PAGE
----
For someone who spent a lot of time whining about Hillary Clinton’s emails, Donald Trump is certainly getting hammered over the unethical behavior outlined in his team’s own communications.
In the latest development in Trump’s Russia scandal, it’s been discovered that a conservative operative had been trying to set up a “back-channel meeting” between Trump and Russian President Vladimir Putin during Trump’s 2016 presidential campaign. And apparently, this operative wanted to use a National Rifle Association (NRA) convention as the site.
Earlier today, The New York Times reported that conservative operative and NRA member Paul Erickson and Trump campaign adviser Rick Dearborn had been in communication via a May 2016 email titled “Kremlin Connection”, and this is what transpired:
In it, the N.R.A. member said he wanted the advice of Mr. Dearborn and Senator Jeff Sessions of Alabama, then a foreign policy adviser to Mr. Trump and Mr. Dearborn’s longtime boss, about how to proceed in connecting the two leaders.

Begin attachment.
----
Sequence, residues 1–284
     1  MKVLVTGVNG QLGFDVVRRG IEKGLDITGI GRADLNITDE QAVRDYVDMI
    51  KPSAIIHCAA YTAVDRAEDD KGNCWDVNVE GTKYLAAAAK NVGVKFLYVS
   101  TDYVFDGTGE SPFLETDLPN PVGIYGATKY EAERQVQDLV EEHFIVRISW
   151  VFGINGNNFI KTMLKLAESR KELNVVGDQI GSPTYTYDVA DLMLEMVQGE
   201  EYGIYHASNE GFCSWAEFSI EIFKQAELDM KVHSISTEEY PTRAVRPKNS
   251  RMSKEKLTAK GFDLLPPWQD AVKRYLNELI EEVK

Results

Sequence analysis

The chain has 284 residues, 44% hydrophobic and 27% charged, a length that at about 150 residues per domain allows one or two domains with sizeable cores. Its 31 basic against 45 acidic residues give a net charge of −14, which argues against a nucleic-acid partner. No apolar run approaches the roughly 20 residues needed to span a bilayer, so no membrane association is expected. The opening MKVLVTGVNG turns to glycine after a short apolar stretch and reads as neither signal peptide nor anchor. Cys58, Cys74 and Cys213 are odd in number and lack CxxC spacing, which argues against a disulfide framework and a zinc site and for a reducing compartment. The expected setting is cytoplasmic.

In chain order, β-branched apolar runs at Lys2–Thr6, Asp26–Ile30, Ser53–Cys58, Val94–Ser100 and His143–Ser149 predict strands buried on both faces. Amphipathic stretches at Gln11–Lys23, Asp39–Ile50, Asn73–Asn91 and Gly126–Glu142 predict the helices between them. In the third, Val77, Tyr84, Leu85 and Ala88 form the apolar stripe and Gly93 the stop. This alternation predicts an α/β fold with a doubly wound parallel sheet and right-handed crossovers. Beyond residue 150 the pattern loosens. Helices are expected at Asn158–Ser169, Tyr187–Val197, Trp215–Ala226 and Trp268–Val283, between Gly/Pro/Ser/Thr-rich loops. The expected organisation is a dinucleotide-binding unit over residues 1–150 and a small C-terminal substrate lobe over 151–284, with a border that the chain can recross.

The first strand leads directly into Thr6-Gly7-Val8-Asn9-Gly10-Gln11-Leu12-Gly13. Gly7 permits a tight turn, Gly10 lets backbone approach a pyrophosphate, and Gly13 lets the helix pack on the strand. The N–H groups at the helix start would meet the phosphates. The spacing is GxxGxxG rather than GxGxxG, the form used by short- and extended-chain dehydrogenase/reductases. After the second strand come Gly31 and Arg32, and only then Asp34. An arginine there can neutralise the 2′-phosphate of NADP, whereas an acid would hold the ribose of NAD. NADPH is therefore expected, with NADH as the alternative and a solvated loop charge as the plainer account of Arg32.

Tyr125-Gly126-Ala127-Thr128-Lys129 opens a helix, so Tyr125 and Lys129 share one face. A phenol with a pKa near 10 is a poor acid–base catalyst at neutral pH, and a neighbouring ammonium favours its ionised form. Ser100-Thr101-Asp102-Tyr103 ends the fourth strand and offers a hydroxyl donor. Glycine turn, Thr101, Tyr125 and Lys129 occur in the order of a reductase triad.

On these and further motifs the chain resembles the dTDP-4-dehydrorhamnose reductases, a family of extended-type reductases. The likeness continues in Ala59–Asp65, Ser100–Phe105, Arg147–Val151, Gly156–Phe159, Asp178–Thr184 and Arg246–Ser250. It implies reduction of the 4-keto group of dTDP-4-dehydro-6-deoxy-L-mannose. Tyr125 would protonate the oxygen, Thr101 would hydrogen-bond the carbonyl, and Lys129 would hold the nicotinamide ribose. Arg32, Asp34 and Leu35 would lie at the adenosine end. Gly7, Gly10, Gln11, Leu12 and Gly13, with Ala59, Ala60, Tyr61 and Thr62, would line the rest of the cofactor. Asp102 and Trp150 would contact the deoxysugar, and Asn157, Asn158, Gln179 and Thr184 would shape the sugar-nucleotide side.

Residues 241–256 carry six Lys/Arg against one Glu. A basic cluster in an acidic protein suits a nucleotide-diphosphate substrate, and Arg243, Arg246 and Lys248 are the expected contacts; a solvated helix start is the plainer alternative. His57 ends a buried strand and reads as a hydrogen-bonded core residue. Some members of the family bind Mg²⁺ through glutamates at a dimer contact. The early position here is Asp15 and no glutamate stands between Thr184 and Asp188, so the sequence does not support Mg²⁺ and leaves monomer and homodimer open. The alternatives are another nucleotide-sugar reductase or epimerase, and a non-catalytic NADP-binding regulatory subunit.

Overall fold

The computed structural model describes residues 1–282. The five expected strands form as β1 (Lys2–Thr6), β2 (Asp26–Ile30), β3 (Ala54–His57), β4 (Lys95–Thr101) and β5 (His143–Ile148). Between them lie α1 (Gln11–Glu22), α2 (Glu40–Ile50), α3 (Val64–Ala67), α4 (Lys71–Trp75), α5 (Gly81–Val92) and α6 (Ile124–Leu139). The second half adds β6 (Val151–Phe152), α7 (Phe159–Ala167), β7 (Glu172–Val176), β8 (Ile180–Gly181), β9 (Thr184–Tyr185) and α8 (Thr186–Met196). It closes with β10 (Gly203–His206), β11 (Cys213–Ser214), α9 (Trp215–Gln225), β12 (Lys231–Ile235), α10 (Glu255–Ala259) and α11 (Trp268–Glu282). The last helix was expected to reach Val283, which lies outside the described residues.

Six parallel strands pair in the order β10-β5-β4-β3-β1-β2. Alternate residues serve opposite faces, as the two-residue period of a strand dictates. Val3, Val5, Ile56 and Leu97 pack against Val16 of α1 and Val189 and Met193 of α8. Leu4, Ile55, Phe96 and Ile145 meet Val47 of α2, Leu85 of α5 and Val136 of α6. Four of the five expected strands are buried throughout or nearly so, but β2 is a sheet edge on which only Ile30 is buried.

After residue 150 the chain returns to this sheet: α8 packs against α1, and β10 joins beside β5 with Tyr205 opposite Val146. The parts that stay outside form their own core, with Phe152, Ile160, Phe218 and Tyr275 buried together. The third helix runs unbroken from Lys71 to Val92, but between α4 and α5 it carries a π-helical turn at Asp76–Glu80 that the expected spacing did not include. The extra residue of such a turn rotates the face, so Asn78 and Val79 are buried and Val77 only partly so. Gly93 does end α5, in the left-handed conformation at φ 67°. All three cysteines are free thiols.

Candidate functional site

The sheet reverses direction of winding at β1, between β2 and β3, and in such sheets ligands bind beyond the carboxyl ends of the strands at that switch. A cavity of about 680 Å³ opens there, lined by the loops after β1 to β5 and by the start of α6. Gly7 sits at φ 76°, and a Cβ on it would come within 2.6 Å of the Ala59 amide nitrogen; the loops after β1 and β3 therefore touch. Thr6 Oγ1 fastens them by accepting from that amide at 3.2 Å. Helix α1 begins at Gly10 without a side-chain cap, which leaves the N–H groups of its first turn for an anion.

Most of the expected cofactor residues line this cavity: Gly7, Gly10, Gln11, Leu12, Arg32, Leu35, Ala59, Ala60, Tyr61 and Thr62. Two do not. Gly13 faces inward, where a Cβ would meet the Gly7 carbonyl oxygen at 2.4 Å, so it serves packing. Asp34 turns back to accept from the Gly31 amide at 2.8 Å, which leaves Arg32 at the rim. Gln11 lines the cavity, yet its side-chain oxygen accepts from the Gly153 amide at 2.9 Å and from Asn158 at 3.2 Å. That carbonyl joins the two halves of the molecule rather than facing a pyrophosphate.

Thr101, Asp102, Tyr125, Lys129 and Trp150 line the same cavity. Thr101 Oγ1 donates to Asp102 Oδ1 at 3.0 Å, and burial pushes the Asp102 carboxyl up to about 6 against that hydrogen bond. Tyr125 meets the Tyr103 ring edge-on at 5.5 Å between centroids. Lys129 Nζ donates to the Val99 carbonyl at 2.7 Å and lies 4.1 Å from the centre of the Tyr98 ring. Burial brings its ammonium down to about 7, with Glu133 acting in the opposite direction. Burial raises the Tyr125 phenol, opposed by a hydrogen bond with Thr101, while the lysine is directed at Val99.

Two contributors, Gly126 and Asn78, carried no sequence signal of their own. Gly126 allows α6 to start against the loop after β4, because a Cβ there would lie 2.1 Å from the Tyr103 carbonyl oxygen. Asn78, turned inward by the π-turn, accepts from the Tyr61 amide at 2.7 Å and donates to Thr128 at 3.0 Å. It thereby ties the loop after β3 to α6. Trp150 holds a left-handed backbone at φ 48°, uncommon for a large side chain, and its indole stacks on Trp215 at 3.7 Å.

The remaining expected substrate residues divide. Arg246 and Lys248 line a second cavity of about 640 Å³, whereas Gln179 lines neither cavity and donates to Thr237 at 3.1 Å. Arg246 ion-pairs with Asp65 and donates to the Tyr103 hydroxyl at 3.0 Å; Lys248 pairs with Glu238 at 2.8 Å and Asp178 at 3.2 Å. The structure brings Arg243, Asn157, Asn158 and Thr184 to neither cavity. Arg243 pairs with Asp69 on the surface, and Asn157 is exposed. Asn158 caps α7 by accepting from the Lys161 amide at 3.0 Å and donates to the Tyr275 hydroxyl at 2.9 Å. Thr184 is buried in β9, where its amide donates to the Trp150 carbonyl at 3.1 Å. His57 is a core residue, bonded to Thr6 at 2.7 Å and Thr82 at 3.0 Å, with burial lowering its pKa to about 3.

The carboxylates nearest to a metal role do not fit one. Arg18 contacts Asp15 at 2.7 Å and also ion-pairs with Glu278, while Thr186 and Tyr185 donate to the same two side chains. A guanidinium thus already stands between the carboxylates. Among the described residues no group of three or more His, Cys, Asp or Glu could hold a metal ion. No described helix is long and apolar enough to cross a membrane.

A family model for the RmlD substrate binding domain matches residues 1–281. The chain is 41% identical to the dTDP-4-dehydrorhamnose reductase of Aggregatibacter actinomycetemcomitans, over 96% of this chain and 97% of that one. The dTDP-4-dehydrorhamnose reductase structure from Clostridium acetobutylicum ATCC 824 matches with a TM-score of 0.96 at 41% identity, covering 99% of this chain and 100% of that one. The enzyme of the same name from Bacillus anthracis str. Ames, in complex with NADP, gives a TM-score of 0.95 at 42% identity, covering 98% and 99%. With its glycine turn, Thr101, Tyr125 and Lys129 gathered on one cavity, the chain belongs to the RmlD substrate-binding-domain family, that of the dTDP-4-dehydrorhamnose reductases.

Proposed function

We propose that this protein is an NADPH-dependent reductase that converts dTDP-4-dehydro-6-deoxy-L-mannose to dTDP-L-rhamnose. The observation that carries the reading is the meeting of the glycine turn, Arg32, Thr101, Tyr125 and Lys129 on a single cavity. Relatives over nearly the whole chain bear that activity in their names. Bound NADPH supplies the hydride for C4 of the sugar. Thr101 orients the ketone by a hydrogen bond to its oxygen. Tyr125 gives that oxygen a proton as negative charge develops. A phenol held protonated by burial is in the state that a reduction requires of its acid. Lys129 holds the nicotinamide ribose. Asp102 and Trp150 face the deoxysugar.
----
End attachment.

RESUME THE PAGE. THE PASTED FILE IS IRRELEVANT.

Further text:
Russia, he wrote, was ‘quietly but actively seeking a dialogue with the U.S.’ and would attempt to use the N.R.A.’s annual convention in Louisville, Ky., to make ‘first contact.’ The email, which was among a trove of campaign-related documents turned over to investigators on Capitol Hill, was described in detail to The New York Times.”
Erickson had written:
Putin is deadly serious about building a good relationship with Mr. Trump. He wants to extend an invitation to Mr. Trump to visit him in the Kremlin before the election. Let’s talk through what has transpired and Senator Sessions’s advice on how to proceed.”
The New York Times reported that this email was just one of many ways that Russia was reaching out to Trump:
Another contact came through an American advocate for Christian and veterans causes, and together, the outreach shows how, as Mr. Trump closed in on the nomination, Russians were using three foundational pillars of the Republican Party — guns, veterans and Christian conservatives — to try to make contact with his unorthodox campaign.”
Featured image via Richard Ellis / Getty Images